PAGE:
Single Tooth Replacement - When you have one tooth missing, a single implant is inserted into the bone to replace the root part of that tooth, a crown goes on top simulating an actual tooth. This treatment has the highest success rate making it the best long-term investment for replacing a single missing tooth. While the initial cost is slightly higher than other options, it is the most cost effective option over time. An implant will never decay or need root canal treatment and feels just like the tooth that was there.
Multiple Tooth Replacement - When more than one tooth is missing, implants can provide an ideal replacement option. You don't need an implant for each missing tooth. For example, if you are missing three teeth in a row, two implants can be placed and a bridge made to replace all three teeth.
Replacing All Teeth - Fixed Dentures - Implants can support an entire arch of upper or lower replacement teeth that are fixed into the mouth and are never removed. Sometimes, the new teeth can be supported by as few as four implants in an arch. It's comparable to the structure of a table which only needs four legs to hold it up. In cases where jawbone density and volume have deteriorated, five or six implants might be needed to support a row of ten to twelve teeth.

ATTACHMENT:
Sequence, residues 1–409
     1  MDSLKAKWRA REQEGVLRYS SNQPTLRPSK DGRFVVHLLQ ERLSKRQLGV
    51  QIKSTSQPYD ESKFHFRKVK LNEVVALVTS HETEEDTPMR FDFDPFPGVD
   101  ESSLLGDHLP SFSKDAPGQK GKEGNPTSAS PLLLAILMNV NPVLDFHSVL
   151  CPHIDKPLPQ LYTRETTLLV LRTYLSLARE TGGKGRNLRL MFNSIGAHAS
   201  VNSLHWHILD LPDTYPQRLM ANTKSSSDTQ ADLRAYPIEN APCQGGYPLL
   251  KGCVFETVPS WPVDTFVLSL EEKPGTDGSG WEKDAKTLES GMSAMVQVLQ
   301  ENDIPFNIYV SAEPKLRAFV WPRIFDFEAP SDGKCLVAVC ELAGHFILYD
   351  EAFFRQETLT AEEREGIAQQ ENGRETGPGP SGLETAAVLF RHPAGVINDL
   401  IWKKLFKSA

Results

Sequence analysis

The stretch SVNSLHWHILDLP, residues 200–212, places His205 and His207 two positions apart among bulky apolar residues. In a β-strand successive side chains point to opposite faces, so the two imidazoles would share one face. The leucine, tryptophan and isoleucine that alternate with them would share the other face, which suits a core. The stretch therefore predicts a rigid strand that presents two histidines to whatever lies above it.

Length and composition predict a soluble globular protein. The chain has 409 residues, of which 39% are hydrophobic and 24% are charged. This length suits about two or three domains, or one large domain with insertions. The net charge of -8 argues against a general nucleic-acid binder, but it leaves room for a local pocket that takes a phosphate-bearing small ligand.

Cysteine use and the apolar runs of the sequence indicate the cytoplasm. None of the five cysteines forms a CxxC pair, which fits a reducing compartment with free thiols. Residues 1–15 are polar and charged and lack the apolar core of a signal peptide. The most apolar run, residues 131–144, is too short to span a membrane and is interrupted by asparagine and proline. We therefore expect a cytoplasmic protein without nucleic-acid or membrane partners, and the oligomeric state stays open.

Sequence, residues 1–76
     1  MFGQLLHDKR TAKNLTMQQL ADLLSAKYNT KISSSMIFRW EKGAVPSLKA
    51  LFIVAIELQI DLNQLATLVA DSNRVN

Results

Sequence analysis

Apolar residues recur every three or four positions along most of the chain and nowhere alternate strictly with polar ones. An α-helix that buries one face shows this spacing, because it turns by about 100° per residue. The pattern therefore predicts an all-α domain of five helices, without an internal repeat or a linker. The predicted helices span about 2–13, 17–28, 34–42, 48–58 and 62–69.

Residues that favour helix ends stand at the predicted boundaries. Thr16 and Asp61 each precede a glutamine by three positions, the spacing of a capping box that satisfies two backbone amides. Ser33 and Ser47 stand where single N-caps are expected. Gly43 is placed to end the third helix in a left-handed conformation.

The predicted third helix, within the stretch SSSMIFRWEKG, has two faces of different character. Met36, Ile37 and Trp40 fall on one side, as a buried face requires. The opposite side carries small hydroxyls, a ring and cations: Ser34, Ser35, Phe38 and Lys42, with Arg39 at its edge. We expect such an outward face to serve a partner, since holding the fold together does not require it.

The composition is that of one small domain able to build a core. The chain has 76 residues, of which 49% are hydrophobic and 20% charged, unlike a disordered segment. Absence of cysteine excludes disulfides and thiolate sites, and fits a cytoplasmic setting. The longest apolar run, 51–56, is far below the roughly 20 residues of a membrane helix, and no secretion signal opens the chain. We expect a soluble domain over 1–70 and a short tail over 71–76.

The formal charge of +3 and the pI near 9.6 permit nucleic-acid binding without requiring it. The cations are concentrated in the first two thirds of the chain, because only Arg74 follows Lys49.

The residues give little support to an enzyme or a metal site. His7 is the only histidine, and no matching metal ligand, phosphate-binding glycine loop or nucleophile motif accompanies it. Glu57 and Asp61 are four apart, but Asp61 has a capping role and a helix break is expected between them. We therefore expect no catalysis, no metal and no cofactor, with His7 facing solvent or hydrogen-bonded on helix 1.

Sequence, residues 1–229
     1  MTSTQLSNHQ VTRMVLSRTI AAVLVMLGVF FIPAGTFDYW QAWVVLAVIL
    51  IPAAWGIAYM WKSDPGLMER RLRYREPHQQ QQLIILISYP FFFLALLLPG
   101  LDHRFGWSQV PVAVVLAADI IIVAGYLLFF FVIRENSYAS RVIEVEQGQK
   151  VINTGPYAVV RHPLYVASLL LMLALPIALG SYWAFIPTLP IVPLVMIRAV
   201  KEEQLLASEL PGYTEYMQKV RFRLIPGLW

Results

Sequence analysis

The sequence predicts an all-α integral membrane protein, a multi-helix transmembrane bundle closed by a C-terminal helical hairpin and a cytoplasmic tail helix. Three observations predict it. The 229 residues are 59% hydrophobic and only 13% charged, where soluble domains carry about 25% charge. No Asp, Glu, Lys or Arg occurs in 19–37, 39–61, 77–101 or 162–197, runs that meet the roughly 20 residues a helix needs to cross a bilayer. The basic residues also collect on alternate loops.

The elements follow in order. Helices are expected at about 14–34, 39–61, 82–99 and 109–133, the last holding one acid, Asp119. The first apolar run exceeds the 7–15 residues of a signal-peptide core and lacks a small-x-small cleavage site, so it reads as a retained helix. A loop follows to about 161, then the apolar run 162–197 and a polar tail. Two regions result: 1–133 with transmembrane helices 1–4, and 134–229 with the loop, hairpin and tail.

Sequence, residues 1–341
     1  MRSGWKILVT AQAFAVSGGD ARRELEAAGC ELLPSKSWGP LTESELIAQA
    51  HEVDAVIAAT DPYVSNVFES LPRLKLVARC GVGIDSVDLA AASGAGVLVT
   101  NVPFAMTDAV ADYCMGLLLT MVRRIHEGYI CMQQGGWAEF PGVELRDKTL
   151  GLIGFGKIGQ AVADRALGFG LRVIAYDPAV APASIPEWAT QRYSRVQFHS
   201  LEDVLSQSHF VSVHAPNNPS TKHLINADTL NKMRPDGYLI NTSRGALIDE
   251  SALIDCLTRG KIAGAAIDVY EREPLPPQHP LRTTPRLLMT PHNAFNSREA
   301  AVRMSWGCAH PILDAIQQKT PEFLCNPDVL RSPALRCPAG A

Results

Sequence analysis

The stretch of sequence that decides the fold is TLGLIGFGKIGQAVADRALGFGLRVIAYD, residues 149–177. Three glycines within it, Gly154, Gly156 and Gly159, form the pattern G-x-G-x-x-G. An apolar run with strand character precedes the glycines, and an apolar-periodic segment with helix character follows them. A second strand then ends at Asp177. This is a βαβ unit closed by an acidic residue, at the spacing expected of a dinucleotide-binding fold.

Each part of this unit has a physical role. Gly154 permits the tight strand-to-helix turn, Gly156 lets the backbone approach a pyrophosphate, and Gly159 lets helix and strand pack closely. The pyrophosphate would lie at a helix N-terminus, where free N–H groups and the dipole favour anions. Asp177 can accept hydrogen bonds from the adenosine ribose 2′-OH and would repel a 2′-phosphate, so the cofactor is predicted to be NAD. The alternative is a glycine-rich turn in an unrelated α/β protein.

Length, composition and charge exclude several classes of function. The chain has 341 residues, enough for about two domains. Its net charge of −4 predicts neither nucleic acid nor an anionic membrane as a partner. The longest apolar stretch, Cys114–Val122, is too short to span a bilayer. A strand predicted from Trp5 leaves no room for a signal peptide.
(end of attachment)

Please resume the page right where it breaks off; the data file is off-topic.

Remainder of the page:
Removable Dentures - Implants can make removable dentures more comfortable, functional, and healthier to wear. Traditional dentures rest on the gums and put pressure on the underlying bone. This accelerates bone loss so that the jaw shrinks and the dentures slip, particularly on the lower arch. Today, removable dentures can be placed on implants, transferring that pressure into the bone rather than on the bone surface. This prevents the denture from slipping while you eat, speak and preserves the bone under the denture.